Earlier this month, old-fashioned Xeroxed copies of a newspaper article appeared across the Mid-Market neighborhood in Downtown San Francisco. The article, from the San Francisco Chronicle, featured the headline: “S.F. D.A. Brooke Jenkins says she’ll consider murder charges for fentanyl dealers.” The article was taped to walls on neighborhood corners regularly frequented by drug dealers. At least one of those Xerox copies had the headline translated into Spanish — all the better for the dealers in question, most of whom are Honduran nationals, to get the message.
The photocopies were distributed by Matt Dorsey, Supervisor for the district that includes the Mid-Market area, which is adjacent to the Tenderloin (in San Francisco, which is both a county and a city, Supervisors are the equivalent of City Council members in other cities). Dorsey’s office had organized a neighborhood clean-up and the Supervisor had handed the article for volunteers to promote. Dorsey is himself a recovering addict and prior to becoming Supervisor, he was the Communications Director for the San Francisco Police Department. Ridding the neighborhood of drug dealers is his number one priority — a goal he shares with new District Attorney Jenkins.
Strange as it might sound to most non-San Franciscans, the kind of overt political opposition to open drug dealing that Dorsey and Jenkins represent is a challenge to the city’s political establishment. San Francisco is governed by a leadership that is so enamored of the city’s progressive, humanitarian self-image that the idea of enforcing basic laws — even ones that save people’s lives like controlling drug sales and consumption — has come to be regarded as reactionary. But conditions in the city have gotten so bad that San Francisco’s voters have begun to revolt. Living in a city whose downtown doubles as an outdoor drug den is becoming intolerable even for many notoriously tolerant San Franciscans.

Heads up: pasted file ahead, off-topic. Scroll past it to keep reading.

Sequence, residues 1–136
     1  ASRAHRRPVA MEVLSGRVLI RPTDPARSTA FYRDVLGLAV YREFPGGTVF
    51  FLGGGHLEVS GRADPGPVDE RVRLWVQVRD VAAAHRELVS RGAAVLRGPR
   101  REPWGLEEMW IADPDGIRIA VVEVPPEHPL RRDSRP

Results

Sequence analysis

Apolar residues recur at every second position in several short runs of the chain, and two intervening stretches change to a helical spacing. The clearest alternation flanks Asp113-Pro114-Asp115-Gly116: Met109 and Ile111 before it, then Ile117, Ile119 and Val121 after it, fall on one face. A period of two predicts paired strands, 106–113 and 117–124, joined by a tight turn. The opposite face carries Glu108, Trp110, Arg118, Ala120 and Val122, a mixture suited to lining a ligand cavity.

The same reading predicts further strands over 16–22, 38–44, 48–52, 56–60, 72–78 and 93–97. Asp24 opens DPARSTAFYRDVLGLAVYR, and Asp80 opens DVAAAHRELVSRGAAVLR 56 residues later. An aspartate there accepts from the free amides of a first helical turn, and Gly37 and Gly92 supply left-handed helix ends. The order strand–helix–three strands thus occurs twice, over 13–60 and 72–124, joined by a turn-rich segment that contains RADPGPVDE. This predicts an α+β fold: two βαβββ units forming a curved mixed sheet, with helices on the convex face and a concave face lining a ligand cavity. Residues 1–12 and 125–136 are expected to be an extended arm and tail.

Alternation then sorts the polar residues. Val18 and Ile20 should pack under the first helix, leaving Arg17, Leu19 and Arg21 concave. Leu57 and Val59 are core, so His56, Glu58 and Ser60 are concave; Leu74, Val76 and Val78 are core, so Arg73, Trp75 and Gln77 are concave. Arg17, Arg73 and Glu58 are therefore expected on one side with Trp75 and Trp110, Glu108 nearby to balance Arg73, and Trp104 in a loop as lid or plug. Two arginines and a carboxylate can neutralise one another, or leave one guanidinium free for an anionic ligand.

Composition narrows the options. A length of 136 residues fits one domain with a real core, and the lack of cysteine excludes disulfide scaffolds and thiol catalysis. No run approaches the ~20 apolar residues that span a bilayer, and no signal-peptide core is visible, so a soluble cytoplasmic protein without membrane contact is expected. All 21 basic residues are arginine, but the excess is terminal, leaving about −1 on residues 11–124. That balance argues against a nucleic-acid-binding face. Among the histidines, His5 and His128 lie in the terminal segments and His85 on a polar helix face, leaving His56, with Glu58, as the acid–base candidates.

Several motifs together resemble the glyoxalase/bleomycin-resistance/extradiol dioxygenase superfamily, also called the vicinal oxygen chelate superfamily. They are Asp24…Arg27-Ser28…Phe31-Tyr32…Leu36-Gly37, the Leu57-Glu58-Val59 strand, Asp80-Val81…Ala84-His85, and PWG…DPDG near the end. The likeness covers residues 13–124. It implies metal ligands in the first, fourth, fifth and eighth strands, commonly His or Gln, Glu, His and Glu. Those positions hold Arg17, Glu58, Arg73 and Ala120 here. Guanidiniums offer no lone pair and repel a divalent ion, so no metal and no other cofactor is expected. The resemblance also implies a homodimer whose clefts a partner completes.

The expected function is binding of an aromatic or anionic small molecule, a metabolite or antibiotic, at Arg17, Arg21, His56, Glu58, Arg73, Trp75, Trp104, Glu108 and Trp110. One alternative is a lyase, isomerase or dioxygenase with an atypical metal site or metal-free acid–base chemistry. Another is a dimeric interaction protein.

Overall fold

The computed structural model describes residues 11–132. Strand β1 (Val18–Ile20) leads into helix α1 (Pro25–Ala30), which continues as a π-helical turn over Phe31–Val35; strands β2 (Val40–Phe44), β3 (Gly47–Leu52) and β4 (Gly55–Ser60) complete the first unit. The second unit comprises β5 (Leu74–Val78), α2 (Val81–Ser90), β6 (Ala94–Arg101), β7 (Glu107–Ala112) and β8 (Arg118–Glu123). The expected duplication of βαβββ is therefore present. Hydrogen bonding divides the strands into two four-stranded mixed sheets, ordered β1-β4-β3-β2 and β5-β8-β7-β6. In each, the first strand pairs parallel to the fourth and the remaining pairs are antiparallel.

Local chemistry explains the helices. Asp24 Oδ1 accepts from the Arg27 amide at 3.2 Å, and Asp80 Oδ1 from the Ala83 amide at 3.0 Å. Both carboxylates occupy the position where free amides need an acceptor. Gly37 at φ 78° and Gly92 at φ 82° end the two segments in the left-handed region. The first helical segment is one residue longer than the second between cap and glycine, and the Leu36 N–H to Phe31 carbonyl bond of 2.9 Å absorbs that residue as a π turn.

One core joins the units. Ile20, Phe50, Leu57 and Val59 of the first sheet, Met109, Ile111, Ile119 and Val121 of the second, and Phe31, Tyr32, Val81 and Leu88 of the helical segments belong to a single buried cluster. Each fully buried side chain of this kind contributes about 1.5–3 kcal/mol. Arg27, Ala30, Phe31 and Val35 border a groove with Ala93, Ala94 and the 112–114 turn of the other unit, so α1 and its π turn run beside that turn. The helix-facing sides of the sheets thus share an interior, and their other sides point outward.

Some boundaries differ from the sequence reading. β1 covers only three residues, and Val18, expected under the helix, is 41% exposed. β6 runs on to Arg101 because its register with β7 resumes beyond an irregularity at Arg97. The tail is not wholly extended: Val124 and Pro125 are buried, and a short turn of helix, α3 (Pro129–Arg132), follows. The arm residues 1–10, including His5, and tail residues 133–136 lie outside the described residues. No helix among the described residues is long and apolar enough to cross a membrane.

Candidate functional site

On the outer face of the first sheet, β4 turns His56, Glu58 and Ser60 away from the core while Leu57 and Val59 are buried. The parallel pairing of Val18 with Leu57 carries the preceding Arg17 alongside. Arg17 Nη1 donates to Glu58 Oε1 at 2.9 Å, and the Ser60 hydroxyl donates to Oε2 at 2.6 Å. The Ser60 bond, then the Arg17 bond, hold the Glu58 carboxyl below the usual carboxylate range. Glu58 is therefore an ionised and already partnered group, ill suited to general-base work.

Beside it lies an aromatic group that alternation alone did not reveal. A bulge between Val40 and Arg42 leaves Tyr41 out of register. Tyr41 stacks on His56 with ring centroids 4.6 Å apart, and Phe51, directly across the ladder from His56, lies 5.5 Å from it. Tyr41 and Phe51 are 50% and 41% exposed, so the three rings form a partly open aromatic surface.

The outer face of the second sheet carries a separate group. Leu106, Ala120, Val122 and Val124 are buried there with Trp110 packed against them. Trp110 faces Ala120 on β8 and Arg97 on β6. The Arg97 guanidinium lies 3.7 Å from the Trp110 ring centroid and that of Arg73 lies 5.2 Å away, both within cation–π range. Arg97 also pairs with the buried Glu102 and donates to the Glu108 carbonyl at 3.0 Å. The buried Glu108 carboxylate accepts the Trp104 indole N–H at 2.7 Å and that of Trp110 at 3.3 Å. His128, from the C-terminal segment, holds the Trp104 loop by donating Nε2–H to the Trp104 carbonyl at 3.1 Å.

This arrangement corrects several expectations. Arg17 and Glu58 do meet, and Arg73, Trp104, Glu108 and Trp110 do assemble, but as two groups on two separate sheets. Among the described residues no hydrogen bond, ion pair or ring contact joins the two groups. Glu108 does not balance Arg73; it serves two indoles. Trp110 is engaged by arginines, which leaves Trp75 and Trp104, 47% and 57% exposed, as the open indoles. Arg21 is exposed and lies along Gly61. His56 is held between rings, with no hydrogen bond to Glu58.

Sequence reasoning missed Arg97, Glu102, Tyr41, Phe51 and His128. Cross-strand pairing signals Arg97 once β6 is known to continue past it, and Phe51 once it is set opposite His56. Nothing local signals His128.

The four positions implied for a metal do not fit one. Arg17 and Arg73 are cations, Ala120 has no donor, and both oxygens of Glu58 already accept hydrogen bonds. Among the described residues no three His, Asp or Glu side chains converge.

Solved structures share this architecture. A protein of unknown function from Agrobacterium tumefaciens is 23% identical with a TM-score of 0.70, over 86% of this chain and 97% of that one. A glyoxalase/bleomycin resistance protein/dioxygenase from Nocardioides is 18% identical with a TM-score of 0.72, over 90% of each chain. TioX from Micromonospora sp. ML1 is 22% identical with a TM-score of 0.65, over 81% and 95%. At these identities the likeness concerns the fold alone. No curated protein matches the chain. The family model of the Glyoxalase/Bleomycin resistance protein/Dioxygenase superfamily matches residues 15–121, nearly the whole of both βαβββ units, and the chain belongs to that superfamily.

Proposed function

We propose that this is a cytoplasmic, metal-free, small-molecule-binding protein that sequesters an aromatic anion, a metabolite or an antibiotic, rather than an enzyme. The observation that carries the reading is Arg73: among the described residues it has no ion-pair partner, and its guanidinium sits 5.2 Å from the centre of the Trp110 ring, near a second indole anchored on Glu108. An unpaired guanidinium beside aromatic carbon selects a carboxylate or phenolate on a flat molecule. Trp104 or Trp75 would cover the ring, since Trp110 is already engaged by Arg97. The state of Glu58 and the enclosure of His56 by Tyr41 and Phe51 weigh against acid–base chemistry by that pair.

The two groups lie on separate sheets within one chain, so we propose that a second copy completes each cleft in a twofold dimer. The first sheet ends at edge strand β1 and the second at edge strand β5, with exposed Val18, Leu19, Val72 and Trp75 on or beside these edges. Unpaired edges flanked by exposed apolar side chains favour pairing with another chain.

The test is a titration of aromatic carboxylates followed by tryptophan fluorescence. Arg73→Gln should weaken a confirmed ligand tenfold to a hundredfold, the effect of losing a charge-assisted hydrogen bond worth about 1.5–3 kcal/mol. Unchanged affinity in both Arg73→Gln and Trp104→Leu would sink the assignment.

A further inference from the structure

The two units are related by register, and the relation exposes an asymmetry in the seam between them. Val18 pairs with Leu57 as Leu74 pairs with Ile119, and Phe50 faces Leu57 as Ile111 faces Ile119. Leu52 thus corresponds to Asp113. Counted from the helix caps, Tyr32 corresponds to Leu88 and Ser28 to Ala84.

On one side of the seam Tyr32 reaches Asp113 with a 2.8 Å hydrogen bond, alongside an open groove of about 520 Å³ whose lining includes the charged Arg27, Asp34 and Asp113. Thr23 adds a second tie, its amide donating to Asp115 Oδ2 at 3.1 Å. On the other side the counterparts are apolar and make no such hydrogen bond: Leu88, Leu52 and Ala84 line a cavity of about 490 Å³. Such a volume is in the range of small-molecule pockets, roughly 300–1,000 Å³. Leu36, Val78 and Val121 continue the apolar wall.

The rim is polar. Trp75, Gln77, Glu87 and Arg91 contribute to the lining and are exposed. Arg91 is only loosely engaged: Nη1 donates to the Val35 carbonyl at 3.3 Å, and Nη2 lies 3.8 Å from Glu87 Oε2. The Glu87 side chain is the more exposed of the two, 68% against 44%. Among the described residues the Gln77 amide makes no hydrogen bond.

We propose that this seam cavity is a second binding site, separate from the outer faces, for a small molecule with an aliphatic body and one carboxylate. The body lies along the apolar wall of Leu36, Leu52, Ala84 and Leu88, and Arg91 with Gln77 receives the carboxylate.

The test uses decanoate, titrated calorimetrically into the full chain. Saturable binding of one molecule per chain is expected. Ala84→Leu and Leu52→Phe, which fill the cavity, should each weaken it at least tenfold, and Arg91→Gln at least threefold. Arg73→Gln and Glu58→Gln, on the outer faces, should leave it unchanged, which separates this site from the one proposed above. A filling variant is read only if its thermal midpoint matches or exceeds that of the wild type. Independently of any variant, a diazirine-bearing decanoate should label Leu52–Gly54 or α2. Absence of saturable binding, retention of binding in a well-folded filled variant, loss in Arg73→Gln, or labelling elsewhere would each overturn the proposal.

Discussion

“Open drug use has been normalized to the point there are blocks where the entire sidewalk is filled with people passed out or getting high,” said Kevin Lee, a San Francisco resident who is in recovery himself. “There is not enough emphasis on creating access to treatment.”
In the meantime, the city’s drug-induced mayhem continues unabated. A block from where the Xeroxed articles went up, for instance, is a brand new Whole Foods Market that opened in March of this year. The store, which is directly across the street from a city-supervised drug consumption site, is a monument to the distant, pre-pandemic aspirations of a once-booming San Francisco. Located underground, beneath a colossal tower of luxury apartments for tech workers, the 65,000 square foot market was expected to ride the coattails of the city’s exploding knowledge economy.
Instead, like the rest of the neighborhood, the Whole Foods has become a hotbed of petty crime. According to interviews with workers there, restrooms now include disposal containers for syringes because addicts from the open air drug market that surrounds the building use the toilet stalls as shooting galleries. Those addicts treat the store’s shelves as a veritable ATM, brazenly shoplifting merchandise in clear view of both Whole Foods employees and police officers working overtime shifts on the store’s floor.